What They Never Tell You in Manager Training Programs
They don't tell you this in manager training programs, but there are moments in life when nothing will serve you as well as silence.
Our busy, frenzied, hurry-up-and-get-it-done society doesn’t seem to agree. But we can and should enable moments of silence when they are needed.
Manager Training Programs Don't Teach You to Promote Silence in Business Meetings
Watch what happens the next time you’re in a training session or a business meeting. Every time someone asks a question, there will be a brief (very brief!) pause before someone responds. This will happen no matter how complex the question is, no matter how worthy of time and thought it may be. Sometimes, the person posing the question will be the one most uncomfortable with the silence. He or she will rephrase the question or answer it for the audience instead of allowing time for others to process their thoughts before answering. In a business meeting or training session, isn’t there supposed to be some thinking? Manager training programs encourage new managers to be proactive and speak up, to keep the conversation moving. But if someone is always talking and introducing more new information, how can anyone really think?
Manager Training Programs Don't Teach You the Benefits of Silence in a Negotiation
Professional sellers learn how to pause and allow silence once they have proposed a sale. They know that they can un-sell their prospect by over-talking. This is true in any negotiation, even one as simple as deciding which restaurant you and your partner will dine in this Friday night. Once you put your request on the table, stop talking.
The power of silence in a negotiation is captured nicely in a flashback scene in the movie Godfather II. In this scene, the young Vito Corleone is approached by a landlord who offended Vito by refusing to allow an evicted woman to return to her apartment with her son and dog. The landlord has since learned that Vito is a powerful man, not someone whose request he should have refused. In this scene, the landlord says has changed his mind. He wants to hear he is forgiven and all is well. Instead, he is met by complete silence while the Godfather (Vito) thinks it over. Uncomfortable in the silence, the landlord rushes ahead to sweeten his offer – not only will be accept the tenant back, along with her son and dog, but he will also keep the rent the same instead of raising it. This is met by another uncomfortable silence. Again, the landlord interprets the silence as a refusal of his offer so he talks again, lowering the rent and showing his fear and desperation.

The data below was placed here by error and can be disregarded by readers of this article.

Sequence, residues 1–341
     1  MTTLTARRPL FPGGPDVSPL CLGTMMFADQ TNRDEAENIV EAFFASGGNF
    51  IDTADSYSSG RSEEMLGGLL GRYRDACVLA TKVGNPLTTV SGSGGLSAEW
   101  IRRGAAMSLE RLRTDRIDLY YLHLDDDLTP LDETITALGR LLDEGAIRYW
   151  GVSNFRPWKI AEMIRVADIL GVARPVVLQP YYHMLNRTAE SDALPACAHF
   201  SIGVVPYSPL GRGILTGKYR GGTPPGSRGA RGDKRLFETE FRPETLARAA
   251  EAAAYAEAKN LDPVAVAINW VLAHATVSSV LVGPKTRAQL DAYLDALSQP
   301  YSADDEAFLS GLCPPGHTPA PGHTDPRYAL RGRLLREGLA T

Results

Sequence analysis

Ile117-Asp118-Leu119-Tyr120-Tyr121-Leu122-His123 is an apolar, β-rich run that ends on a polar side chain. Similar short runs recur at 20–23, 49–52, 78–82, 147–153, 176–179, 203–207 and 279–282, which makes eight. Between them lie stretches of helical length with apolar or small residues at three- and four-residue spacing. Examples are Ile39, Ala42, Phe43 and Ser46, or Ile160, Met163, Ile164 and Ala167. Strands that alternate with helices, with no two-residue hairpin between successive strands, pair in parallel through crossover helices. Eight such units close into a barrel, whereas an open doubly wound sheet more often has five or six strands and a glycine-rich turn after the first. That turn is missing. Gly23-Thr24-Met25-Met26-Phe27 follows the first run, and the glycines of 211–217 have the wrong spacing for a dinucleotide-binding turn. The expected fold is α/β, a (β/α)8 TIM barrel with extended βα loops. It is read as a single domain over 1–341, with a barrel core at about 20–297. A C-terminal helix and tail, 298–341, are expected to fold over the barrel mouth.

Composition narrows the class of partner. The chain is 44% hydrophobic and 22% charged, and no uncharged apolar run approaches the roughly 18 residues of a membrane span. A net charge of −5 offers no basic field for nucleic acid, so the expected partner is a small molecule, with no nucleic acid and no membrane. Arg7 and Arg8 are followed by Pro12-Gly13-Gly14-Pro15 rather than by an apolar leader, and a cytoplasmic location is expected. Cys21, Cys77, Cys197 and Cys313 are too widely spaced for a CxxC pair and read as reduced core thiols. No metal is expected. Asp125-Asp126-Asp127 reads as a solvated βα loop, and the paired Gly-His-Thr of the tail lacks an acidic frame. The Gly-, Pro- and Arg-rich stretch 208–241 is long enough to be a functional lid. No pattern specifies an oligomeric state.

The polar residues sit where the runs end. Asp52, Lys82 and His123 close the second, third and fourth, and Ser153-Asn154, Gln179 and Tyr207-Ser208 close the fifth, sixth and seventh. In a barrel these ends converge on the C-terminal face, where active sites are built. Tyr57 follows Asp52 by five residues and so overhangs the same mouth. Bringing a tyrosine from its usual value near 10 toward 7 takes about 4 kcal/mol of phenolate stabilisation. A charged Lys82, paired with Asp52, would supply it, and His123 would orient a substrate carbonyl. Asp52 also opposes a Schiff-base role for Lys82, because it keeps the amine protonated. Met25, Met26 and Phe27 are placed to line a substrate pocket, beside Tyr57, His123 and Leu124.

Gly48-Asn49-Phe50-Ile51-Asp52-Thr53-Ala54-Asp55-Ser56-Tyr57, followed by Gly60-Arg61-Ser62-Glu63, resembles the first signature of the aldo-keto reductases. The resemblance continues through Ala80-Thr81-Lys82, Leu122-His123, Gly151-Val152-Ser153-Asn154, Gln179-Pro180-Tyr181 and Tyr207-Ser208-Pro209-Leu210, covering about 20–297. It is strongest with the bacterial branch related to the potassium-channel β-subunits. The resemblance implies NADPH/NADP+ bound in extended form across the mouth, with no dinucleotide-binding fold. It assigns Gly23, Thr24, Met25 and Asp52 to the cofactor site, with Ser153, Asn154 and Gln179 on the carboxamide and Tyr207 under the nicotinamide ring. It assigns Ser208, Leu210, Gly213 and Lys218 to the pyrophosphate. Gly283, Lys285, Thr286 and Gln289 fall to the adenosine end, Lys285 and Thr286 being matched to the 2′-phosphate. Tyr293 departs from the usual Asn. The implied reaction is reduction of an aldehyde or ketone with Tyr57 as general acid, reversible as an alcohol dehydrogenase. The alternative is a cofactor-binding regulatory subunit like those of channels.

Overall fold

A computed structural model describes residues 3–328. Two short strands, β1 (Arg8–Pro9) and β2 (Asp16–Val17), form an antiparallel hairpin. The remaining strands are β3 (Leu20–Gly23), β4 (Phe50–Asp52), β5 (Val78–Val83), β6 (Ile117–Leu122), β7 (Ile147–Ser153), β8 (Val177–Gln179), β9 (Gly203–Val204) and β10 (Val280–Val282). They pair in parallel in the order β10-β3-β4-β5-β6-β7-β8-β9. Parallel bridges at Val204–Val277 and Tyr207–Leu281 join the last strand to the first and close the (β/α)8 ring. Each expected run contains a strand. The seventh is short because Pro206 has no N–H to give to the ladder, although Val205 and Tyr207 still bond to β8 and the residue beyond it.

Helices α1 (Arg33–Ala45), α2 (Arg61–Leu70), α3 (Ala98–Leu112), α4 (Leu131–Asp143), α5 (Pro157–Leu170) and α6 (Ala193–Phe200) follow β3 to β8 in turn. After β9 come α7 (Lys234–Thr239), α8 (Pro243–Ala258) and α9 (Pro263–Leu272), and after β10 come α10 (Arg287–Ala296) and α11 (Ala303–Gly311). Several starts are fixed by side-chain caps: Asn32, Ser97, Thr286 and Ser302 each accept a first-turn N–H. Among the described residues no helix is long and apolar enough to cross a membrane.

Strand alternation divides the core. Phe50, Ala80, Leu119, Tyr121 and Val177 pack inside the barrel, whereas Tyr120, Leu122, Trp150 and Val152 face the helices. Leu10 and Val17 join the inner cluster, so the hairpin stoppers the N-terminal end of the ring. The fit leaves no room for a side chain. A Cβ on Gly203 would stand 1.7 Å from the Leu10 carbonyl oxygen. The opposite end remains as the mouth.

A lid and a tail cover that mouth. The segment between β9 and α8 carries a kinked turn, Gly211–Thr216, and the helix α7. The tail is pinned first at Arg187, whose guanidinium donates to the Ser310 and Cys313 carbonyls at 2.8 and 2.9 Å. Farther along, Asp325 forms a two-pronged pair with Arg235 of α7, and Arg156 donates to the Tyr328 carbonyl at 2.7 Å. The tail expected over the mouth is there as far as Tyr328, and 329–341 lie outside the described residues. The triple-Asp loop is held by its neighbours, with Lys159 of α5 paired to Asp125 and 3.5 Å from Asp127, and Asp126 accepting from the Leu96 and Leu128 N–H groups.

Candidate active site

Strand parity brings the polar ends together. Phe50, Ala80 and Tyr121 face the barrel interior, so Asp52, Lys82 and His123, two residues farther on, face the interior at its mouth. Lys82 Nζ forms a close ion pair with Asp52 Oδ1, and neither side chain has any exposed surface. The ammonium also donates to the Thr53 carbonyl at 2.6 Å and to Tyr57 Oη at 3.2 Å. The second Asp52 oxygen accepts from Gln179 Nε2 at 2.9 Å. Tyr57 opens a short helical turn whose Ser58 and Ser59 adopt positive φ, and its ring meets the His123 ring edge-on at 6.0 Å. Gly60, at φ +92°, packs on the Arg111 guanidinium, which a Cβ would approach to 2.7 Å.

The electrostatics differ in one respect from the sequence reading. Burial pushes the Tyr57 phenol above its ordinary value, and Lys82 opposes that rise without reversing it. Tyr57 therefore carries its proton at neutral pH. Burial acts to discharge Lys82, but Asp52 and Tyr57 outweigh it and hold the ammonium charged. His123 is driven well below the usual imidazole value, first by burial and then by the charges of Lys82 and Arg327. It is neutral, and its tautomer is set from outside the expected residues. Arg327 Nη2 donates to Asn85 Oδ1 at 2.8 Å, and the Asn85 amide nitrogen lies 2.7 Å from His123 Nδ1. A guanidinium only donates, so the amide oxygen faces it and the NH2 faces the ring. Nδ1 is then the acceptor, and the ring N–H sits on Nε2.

How often do we allow silence to make us sweat? Why do we assume that others’ silence is an indictment or a lack of acceptance? Why don’t we let them refuse or counter-offer before we race ahead? This one-sided approach assumes the worst instead of respecting silence for what it usually is – an indication that others are thinking.
Manager Training Programs Encourage Quick Decision Making Rather than Careful Contemplation, But...
In the heat of a moment, bite your tongue! Your silence can save you from saying something you don’t mean and can’t take back. Use silence to ponder the relationship you have, the value of the other person to you, your own dignity, the way you would feel if someone said to you what you are about to say to them. While silent, you might even use the good old standbys of counting to 10 or taking a few deep breaths. The silence you create to allow yourself to re-center and focus on what really matters is a gift to yourself because it gives you more options than allowing an emotion-driven response will give you.
The Most Important Thing Manager Training Programs Should Teach is How to Listen
Real, true, active listening (which goes well beyond mere hearing) requires you to be silent. When you race to respond in a point/counterpoint fashion, you are thinking about what you will say instead of listening to what the other person is saying. When you interrupt because you hear something familiar, you are not fully listening to what has been said nor to what was about to be said. When you try to fill in all the milliseconds of silence, you are missing the opportunity to listen for context, feelings, and follow-ups. Without meaning to, you might be conveying that you think your own thoughts are more important than the other person’s. A pause that encourages someone to continue is so much more meaningful than your hasty response. A pause that shows you are carefully considering what you’ve heard before you reply means you think the speaker’s thoughts are worth hearing and that the speaker, too, is worthy of your time and attention.
In many ways, silence is golden. Don't give in to the need to fill dead air with your words. Silence can give us an opportunity to form deeper, more meaningful connections with others. Those connections are every bit as precious as gold.
Next Step to Shore Up What You Learned in Manager Training Programs
Deb Calvert is a certified Executive Coach, Keynote Speaker, Certified Master with The Leadership Challenge® and Trainer. She is the founder of People First Productivity Solutions, building organizational strength by putting people first since 2006.